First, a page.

magic HTML.js

source: pixiv

HTML.js is a library full of syntactic sugar. It changes html elements dynamically so that the methods reflect their children node. For example, code like HTML.body.header.hgroup.h1 utilizes chain methods to mirror the structure of dom.

ES5 Object.defineProperty and mutationObserver conjure up the magic. HTML.js provides an eponymous HTML api object initialized by an internal node method, which add all tag methods to its argument object. All tag methods are defined by Object.defineProperty with get option. So tag methods behave like getter methods: every time user access these attributes, tag methods return HTMLifyed elements that are ready to be chained (HTMLifyed elements are normal HTMLElements that have been extended by the internal node method mentioned above).

Enable tag methods responsive to dom manipulation, HTML opts for mutationObserver to keep an eye on the root element. Once elements have been changed, mutationObserver detects the change and notifies HTML to refresh methods of the corresponding elements.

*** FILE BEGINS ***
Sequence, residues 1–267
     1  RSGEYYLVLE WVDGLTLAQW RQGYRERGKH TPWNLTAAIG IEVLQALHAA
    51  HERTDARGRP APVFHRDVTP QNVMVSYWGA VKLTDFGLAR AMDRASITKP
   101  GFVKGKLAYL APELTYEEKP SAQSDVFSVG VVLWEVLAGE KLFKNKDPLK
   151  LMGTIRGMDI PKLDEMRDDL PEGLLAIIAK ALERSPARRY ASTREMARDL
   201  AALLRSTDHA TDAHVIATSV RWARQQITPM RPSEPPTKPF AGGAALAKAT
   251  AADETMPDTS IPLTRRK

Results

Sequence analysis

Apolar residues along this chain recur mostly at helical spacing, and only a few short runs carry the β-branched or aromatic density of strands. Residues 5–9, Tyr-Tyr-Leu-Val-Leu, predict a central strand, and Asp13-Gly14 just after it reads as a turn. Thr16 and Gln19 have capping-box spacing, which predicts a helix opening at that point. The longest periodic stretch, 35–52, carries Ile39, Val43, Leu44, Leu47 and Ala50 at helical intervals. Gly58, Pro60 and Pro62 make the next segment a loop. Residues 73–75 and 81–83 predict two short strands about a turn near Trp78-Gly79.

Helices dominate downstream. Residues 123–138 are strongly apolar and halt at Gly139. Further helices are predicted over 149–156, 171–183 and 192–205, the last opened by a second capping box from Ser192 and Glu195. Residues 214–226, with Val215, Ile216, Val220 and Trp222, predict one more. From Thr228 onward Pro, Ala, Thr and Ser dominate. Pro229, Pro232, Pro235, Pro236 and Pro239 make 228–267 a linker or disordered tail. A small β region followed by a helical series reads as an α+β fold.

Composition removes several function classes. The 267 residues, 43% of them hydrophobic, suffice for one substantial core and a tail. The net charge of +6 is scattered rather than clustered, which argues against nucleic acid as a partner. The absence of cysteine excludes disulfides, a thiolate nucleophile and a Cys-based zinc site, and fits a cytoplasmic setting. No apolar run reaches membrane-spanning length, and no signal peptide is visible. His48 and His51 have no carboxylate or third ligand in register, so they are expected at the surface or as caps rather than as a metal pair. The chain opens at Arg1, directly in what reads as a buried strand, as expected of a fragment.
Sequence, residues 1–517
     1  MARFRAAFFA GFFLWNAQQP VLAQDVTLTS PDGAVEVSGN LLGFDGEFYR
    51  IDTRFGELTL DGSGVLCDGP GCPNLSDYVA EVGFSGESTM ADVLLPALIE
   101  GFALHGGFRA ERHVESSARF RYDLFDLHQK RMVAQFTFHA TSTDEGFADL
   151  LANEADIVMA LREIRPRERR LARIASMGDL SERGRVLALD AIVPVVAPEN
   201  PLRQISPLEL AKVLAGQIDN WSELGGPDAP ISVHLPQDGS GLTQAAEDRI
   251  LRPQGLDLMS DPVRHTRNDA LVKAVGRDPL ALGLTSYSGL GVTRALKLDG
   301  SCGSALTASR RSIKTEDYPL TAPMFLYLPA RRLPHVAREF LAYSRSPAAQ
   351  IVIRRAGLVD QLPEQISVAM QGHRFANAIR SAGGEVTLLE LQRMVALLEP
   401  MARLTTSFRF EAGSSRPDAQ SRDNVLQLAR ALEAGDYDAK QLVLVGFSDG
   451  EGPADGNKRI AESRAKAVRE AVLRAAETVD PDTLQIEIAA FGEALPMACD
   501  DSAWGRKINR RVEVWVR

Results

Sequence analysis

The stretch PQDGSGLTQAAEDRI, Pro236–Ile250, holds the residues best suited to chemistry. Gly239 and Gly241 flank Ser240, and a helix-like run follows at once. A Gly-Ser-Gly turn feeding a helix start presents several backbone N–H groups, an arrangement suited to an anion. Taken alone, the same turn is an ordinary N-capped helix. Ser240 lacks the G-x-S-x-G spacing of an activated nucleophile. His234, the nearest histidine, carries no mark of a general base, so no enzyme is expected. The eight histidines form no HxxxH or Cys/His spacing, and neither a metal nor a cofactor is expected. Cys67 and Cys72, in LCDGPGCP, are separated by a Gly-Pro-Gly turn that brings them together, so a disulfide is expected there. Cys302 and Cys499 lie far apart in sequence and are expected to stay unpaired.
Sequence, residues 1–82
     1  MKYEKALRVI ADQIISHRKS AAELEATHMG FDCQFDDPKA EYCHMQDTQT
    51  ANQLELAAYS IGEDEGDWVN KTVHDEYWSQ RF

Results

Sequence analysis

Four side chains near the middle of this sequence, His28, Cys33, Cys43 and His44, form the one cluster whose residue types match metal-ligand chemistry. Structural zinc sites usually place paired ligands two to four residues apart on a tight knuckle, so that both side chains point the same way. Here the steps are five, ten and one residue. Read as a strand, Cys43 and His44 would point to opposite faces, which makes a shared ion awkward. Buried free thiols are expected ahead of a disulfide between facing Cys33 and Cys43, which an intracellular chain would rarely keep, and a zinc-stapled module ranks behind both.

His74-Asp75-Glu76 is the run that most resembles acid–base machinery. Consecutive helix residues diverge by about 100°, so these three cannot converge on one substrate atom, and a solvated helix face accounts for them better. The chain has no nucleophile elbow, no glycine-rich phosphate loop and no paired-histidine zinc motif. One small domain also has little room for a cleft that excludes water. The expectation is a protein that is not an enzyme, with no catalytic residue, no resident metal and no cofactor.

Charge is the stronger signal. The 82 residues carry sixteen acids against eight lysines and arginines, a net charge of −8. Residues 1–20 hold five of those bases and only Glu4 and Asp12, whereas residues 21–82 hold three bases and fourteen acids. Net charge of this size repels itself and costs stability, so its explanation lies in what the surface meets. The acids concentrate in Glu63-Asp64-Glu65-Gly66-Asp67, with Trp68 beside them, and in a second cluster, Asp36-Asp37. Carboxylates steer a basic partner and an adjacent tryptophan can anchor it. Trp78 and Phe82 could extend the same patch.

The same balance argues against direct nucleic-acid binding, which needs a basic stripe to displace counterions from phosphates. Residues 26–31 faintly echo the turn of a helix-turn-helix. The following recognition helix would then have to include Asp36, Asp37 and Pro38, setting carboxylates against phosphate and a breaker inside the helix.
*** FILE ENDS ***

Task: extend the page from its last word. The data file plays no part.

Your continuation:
However, syntactic sweetheart fails to belie some design deficits and practical problems in this library. Getter methods abstain legacy browsers that still occupy about 10% market share. MutationObserver itself is not that horribly slow, but registering a watchdog on is almost certainly a performance killer for massive dom manipulations.

But the most notorious code smell comes from yet another place, a pure design decision that functions returning either element or array. It is certainly one of the most sloppy practice in dynamic language. In static typed language those function can only have return type Any. Surely this is not informative and bothers user to take the risk of casting results. Indeed, the author mentioned this on the homepage and tried defend this api design by the excuse of conditional context where users can avoid quandary. But a good library shall be as much care-free as possible. Providing api that returns one single element is probably better than leaving the users to guarantee element’s uniqueness. Ad-hoc polymorphism is determined by function arguments, not return type.

HTML’s api reminds me of the keyword null. Admittedly it is theoretically feasible to entrust programmers with the role of checking uniqueness/existence. But why ぬるぽ is still one of the most prominent haunting apparition in our code?